Friday, March 3, 2017

Thinking About Divorce? 7 Things Not to Do

Regardless of how troubled a marriage may be, most couples want to be divorced; they rarely want to go through it.

At California Document Preparers, we assist our clients with uncontested divorce, what we call amicable divorce–where couples agree on division of property and a parenting plan. Yet, given the emotional upheaval and the mountain of details that are inevitable parts of every divorce, it’s not surprising that many couples wind up making critical mistakes. Here are a few things to be thinking about if you and your spouse are contemplating divorce.

1. Don’t forget to update your Living Trust

If you want to prevent your soon-to-be-ex-spouse from receiving the assets you had identified during better times, you need to update these legal documents. If you die before your divorce is final, and you have left your spouse nothing, he or she can sue and recover part of your estate.

2. Don’t take it out on the kids

Children need a supportive environment to deal with divorce. Professionals suggest that you talk about divorce as little as possible, yet answer questions and be truthful; let them know what’s going on and what to expect. Attend school and after-school events, help your kids with homework. Spend time with them. When you’re relaxed, they will be too. Kids are remarkably resilient and savvy; they’re surrounded by other kids whose parents are divorced. They get it.

3. Don’t refuse to see a therapist

Seeing a therapist can help you get through the fluctuating emotions that you will experience. Take care of yourself and think about getting help before you become depressed or angry. A professional therapist is trained to help you and your children through the process. For those who have been married for a long time, a therapist can help you cope with being single again, learning to be self-sufficient.

4. Don’t forget about taxes

Typically, the person who has primary custody of the children lives in the house with the children. But the house may not be the best deal. Maintaining a home is expensive. If you can’t afford the mortgage, taxes and upkeep on the house, you may want to ask for the investment portfolio of equal value instead. You’re now a single person, and the tax landscape changes. A single people is not allowed to shelter as many capital gains from taxes. Stocks can also be at issue. Newly purchased stocks may be more desirable because they will cost you less in capital gains taxes. Not good at this stuff? Talk to your financial adviser or accountant. If you don’t have one, ask us for a referral. It’s a worthwhile investment.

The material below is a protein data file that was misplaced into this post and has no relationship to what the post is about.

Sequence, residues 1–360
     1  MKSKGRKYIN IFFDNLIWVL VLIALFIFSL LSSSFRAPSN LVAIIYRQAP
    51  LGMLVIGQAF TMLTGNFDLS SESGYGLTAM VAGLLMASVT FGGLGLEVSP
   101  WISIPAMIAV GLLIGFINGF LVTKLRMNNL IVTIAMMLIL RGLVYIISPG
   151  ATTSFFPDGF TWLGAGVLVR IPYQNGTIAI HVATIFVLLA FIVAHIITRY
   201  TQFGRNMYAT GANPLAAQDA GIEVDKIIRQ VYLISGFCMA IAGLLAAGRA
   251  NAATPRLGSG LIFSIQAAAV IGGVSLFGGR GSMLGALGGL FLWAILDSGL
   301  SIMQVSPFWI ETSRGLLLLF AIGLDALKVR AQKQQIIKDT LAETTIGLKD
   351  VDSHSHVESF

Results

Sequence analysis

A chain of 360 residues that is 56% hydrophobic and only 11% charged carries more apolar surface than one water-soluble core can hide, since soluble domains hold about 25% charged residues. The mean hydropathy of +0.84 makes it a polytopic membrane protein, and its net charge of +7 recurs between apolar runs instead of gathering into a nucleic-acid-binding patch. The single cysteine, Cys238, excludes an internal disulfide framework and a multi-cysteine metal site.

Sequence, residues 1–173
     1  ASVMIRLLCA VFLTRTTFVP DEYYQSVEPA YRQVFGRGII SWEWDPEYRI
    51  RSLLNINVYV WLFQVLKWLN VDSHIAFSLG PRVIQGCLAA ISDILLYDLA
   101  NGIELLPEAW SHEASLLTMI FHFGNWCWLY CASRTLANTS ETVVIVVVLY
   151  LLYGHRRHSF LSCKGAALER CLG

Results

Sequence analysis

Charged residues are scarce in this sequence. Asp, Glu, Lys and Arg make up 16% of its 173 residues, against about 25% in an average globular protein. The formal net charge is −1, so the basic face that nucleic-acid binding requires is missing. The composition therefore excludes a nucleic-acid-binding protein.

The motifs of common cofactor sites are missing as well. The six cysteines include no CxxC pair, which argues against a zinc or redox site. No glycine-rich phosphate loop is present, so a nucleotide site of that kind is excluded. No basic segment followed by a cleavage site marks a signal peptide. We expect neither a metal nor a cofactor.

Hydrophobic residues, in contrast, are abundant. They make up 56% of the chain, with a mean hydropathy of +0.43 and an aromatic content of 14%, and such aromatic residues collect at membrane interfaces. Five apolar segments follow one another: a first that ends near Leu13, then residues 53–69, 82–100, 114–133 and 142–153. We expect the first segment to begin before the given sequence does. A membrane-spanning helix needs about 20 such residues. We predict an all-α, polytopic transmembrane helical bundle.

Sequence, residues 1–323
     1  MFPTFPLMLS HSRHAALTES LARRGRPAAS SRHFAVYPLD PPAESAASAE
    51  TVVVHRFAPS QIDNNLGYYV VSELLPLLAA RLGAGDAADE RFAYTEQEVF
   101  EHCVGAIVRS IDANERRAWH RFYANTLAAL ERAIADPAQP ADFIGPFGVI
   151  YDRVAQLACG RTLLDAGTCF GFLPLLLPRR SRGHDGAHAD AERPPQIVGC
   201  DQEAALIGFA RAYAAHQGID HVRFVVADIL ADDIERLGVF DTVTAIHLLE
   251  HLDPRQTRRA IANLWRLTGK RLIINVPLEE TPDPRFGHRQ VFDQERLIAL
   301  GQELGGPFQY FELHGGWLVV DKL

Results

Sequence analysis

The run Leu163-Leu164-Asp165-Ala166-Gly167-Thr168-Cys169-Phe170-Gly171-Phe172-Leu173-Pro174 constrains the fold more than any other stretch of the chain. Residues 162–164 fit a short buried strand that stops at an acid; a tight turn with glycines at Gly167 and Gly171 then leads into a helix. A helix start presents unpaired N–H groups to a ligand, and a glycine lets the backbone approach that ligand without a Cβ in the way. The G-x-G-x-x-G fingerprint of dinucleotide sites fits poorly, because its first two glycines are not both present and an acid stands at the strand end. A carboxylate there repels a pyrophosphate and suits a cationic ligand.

5. Don’t increase your debt

No question about it; divorce is expensive. If you are the spouse who is moving out, you will need money to set up a new household. Whether you’re buying or renting, you’re going to need a large initial payment. Try to get used to having less now. It may seem stressful, but the freedom you’ll enjoy down the line will be well worth the struggle.

6. Don’t wait until after the holidays

There’s no good time of year to get divorced. We traditionally think of the holidays as Thanksgiving, leading up to Christmas and the New Year. But here in our multicultural community, holidays fall on a wide range of calendar dates. For many families, vacations have special meaning—trips to the lake or mountains, family reunions, etc. It’s a lot easier to get used to an empty home before the holidays, and if you’re one of those people who promised yourself you’d never spend another holiday with your spouse, commit to this—it won’t be any easier next year.

7. Don’t forfeit your financial security just because you want out

Just because you want out of your marriage ASAP doesn’t mean you should forfeit your financial security. Be thorough; consult a financial adviser or CPA if you need help. Make copies of important financial documents: pension statements, tax forms, brokerage and mutual fund statements, credit card statements and other records. Be aware of what you own and what you owe. Make sure that you and your children will continue to have health insurance during and after the divorce proceedings. While you are still married to your spouse, an illness or accident can alter the division of property.

Is uncontested divorce right for you? 

California Document Preparers has helped more than 2,000 couples with uncontested divorces.
  • It’s necessary that couples agree on division of property and a parenting plan.
  • We use attorney-approved workbooks and other materials to collect the necessary data, including information about financial accounts.
  • We prepare the legal documents and file them with the court.
  • Our dedicated family law specialists are helpful and sympathetic, available by phone and email throughout the process.
  • Best of all, we’re affordable—just one flat fee.
  • Jumpstart your divorce by purchasing our documents from CDP’s secure online storefront.

Have you been putting off your Divorce? Most of our clients tell us they’re surprised at just how easy it was! Make an appointment today at one of our three Bay Area offices to get started on your Divorce.

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